Tag Archives: refractory colorectal cancer

FDA Approves Regorafenib for Metastatic CRC

  The FDA today approved the use of the drug regorafenib (brand name Stivarga) for patients whose metastatic colorectal cancer has progressed despite all currently approved treatment regimens. This is the second new drug approved by the FDA recently after a drought of 5 years in approving new treatments for metastatic colorectal cancer (mCRC). Regorafenib was placed into the  FDA’s “fast-track” approval process after the international, multicenter Phase III CORRECT trial  showed improved survival (from 5 to 6.4 months) in all mCRC patients, including those having both non-mutated and mutated KRAS types.

Disappointing Results for Perifosine

Perifosine was no better than a placebo in improving survival time for people with late-stage colorectal cancer according to a news release from Keryx Biopharmaceuticals. Despite success in a smaller Phase II clinical trial, the X-PECT Phase III trial failed to meet its primary objective — longer survival time. X-PECT randomized 468 patients to receive either: Xeloda® (capecitabine) plus perifosine, or Xeloda plus a placebo Although final details were not provided, the perifosine group did not live longer than the patients who got a dummy pill. Patients in the trial had refractory colorectal cancer, tumors that had already gotten worse on at least two standard chemotherapy regimens. Had perifosine helped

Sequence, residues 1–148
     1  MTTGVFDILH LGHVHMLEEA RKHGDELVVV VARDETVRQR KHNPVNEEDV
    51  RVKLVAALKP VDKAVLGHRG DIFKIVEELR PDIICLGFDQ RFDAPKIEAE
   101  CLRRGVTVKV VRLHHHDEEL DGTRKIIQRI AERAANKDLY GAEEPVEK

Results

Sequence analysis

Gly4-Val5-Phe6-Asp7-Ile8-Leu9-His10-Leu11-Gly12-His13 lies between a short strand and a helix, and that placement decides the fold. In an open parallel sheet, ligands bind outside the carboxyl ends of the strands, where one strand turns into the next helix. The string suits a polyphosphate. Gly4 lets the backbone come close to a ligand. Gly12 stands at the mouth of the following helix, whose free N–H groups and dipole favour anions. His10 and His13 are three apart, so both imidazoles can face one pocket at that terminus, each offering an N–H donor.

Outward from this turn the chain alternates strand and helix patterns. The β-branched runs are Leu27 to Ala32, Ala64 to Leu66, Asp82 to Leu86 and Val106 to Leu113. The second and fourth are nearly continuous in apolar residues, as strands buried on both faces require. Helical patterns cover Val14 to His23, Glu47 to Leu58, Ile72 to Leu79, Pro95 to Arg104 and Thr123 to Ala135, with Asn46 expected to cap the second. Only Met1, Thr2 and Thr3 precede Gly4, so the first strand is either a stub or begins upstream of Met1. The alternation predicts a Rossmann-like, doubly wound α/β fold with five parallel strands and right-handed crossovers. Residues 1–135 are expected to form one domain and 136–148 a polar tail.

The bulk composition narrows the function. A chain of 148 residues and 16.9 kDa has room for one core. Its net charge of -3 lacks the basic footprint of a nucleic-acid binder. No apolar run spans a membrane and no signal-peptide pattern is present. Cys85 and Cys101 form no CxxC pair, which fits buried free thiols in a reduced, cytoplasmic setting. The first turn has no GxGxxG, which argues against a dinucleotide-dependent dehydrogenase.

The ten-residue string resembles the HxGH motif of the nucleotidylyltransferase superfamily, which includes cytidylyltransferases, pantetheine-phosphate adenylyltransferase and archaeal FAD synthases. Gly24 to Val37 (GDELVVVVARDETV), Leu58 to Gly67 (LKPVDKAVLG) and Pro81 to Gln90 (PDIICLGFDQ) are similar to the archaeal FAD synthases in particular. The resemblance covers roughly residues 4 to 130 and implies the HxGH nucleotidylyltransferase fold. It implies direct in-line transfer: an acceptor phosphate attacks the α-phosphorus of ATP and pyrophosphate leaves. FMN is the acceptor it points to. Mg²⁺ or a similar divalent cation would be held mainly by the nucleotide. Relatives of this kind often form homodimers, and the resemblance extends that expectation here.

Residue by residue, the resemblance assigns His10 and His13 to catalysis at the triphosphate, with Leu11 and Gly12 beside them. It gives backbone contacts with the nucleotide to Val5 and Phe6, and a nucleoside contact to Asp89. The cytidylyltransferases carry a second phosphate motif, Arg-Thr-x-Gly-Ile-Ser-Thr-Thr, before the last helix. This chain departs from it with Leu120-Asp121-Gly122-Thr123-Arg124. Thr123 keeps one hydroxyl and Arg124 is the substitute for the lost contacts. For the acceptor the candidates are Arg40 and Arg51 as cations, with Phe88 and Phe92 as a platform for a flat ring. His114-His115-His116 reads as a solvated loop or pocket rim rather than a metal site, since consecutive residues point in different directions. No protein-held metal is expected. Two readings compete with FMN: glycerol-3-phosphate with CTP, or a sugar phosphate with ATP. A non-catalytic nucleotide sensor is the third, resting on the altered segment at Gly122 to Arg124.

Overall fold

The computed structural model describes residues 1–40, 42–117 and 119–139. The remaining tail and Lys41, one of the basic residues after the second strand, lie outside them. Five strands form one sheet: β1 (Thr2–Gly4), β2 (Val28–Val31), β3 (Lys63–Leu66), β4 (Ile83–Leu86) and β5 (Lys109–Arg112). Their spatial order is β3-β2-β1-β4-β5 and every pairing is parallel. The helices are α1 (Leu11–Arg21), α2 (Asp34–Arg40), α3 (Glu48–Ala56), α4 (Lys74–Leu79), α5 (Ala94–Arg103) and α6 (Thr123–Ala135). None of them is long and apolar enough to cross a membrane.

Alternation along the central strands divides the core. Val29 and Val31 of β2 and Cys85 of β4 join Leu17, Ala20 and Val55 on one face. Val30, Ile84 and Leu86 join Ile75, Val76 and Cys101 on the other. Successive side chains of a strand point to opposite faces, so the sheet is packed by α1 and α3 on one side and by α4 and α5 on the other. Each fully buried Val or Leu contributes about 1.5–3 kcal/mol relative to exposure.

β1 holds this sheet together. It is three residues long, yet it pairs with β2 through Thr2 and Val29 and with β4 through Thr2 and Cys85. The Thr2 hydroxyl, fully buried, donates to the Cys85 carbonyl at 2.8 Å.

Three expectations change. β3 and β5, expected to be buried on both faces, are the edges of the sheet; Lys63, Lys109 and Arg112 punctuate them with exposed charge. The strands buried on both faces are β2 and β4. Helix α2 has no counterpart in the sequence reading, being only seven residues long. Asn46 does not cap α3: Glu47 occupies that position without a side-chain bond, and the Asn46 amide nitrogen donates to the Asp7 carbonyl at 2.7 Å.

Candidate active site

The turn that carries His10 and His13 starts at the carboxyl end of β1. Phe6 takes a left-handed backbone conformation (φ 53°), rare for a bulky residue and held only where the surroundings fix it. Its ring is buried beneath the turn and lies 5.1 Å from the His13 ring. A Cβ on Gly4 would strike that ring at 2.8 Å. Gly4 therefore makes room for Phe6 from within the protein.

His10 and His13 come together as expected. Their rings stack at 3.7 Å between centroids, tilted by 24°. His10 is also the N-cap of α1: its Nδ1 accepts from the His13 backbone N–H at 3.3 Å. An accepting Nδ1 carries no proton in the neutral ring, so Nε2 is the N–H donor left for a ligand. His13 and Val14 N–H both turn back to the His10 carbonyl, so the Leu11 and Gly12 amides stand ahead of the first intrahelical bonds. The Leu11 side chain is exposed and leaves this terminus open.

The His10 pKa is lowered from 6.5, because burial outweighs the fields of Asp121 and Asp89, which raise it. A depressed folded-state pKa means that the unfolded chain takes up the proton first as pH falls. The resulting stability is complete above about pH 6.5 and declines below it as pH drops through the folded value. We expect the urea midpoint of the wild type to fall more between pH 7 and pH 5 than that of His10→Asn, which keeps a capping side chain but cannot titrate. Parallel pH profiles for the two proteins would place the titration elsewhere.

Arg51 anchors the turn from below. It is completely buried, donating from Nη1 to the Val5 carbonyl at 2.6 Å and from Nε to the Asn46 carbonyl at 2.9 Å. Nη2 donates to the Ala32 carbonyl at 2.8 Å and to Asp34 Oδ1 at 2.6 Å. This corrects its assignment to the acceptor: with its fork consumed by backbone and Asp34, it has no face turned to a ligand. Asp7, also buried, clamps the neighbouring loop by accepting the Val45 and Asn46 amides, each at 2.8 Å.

X-PECT Trial is Fully Enrolled

The X-PECT phase III clinical trial has finished recruiting over 430 patients, evaluating perifosine treatment for patients with advanced colorectal cancer who have exhausted standard treatments. The trial compares the effectiveness of adding perifosine to Xeloda® (capecitabine). Led by Johanna Bendell, M.D., from the Sarah Cannon Research Institute in Nashville, TN, the trial is being conducted at 65 sites in the United States.

Afinitor Combined with Avastin Promises Help for Advanced Colorectal Cancer

Some colorectal cancer patients whose tumors had gotten worse on all standard treatments benefited from a combination of Afinitor® (everolimus) and Avastin® (bevacizumab) during a small trial reported at the 2010 ASCO Annual meeting in Chicago. While no tumors got smaller on the treatment, about half of patients in the Phase II trial had their cancer remain stable for six months or more.  Three patients have had stable disease for more than a year. Seven out of ten patients in the trial had at least one serious side effect.  The most common was hypertension, but there were several bowel abscesses or fistulas and one case of bowel perforation.  There was

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